Today's Brandlympics round-up is brought to you by field hockey, the London 2012 Olympics sport celebrated in today's Google homepage logo:
Government Not Relaxing Olympic Marketing Ban for Months
The architects of London’s new arenas and sporting venues would like the world to know who they are and what they’ve done, but London won’t allow it. Due to the strict marketing rules in place, the venues can only be associated with London 2012 and the Olympics and not be used to market anyone or anything that hasn’t shelled out the millions it takes to be an official sponsor. And that rule isn’t expected to disappear before year’s end. This, of course, has left the architects unhappy. “The end of the year’s no good,” said Angela Brady, the president of the Royal Institute of British Architects, to BDOnline. “All eyes are on London right now. I want the architects to be able to stand proudly in front of their buildings and talk about them to international TV crews. These rules are against the whole spirit of the Olympics. Crushing the small guy is just not on.”
Visa Going Hard on Mobile, Facebook for the Games
For the first time, Olympics sponsor Visa used actual video and photo cheers from fans in the U.S. that were submitted via Visa’s Cheer application on Facebook to star alongside Michael Phelps in its Olympics advertising. The real-time congratulatory spot, entitled “Congratulations Michael,” aired on NBC following his win in the 4 x 200m freestyle relay. Leading up to the London 2012 Olympic Games, Phelps appeared in a number of the Morgan Freeman-voiced "Go World" commercials including "The Difference" and "100th of a Second" and was featured in more than 40 countries as part of Visa’s global marketing campaign. Visa isn’t just throwing its money at being an official sponsor of the Games. The company is also making a big push in mobile marketing for these Games. “When developing the Go World campaign and thinking about how to launch it in the United States, the key was understanding the consumer, and mobile is increasingly where they are spending their time,” said Alex Craddock, head of North America marketing for Visa Inc., Los Angeles, according to Mobile Marketer. “We needed to think about mobile as a key part of the marketing mix and ensure that we use an optimized experience.” The ads focus on 12 different Visa-sponsored athletes.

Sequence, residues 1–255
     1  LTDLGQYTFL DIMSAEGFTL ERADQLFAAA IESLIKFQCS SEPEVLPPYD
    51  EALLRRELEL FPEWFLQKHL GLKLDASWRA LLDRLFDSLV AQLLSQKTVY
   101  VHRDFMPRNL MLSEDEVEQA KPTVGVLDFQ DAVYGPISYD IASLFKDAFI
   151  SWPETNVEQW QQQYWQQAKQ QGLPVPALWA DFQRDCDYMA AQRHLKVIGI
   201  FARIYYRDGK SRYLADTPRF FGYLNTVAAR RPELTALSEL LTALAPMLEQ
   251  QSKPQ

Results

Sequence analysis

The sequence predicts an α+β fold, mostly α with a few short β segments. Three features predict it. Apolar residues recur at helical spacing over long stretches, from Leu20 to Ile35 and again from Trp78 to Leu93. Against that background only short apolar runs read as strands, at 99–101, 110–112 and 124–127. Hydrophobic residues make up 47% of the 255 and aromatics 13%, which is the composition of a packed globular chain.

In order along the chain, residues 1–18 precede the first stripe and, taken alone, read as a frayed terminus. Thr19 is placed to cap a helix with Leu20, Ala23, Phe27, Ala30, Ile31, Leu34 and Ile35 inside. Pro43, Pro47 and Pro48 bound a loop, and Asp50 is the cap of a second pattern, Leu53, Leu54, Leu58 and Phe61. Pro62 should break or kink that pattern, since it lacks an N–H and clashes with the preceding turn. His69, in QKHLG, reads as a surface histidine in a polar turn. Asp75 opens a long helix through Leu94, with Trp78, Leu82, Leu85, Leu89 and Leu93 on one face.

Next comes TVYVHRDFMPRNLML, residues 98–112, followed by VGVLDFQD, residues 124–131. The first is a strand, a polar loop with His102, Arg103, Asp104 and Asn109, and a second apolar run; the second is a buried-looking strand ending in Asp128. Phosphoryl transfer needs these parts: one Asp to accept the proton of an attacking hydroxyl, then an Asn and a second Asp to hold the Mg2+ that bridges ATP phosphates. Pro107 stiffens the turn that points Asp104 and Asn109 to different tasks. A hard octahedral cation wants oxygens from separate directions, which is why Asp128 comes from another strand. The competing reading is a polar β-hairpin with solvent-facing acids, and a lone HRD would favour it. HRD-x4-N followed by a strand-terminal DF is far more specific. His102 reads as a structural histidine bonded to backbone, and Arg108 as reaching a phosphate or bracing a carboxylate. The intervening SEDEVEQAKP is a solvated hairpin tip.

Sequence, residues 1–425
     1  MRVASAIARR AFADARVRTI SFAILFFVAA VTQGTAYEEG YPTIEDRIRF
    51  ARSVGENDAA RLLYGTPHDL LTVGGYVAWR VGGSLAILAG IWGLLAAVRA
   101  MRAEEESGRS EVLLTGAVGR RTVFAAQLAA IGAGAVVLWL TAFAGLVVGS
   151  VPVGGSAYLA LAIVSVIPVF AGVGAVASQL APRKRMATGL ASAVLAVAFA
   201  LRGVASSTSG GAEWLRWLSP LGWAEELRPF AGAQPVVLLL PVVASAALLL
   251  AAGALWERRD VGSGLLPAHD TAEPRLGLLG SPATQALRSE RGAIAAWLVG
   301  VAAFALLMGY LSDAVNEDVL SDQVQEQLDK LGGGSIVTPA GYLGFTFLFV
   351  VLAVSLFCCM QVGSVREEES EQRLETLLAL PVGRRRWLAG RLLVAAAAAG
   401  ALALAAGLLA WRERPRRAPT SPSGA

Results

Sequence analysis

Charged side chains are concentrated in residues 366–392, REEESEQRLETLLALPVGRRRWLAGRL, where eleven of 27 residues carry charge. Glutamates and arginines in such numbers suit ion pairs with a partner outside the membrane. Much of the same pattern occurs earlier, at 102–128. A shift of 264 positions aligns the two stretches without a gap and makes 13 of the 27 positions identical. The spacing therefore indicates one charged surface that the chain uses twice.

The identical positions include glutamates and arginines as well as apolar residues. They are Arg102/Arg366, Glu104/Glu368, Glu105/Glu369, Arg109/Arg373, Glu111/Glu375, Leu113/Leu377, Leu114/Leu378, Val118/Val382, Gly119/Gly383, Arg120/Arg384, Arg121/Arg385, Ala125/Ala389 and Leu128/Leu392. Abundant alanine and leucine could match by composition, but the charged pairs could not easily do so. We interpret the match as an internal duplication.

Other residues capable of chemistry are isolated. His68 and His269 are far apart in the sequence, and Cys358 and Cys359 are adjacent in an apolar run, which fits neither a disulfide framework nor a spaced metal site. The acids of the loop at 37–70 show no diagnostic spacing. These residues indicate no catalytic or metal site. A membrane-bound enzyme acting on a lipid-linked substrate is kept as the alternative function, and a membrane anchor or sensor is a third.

Fruit of the Loom Grabbing Olympic Opportunity
When one thinks of the Olympics, underwear isn’t generally the first thing to pop to mind, but Fruit of the Loom is aiming to change that, mainly with five new ads that are running during the Games. Called “Move to Comfort,” the campaign focuses on the fact that comfort is key whether you are going for the gold at the Olympics or just aiming to make the bus. Through broadcast and print ads, social media, a new website that “features the brand’s first e-commerce functionality,” Fruit of the Loom is going all out. “’Move to Comfort’ is a high-energy campaign that features real people who bring the ‘movement’ message to life, and fresh sounds and energy from up-and-coming musicians that reflect our brand’s fun and colorful personality,” said Kelly Thompson, SVP of brand communications for Fruit of the Loom. The ads feature everyday people with incredible talents: breakdancers, ballerinas, skateboarders, yogis, and gymnasts. The TV ads also feature music from “up-and-coming artists” such as Mako, Mindy Gledhill, Annie Automatic, Gram Rabbit and Whisper City.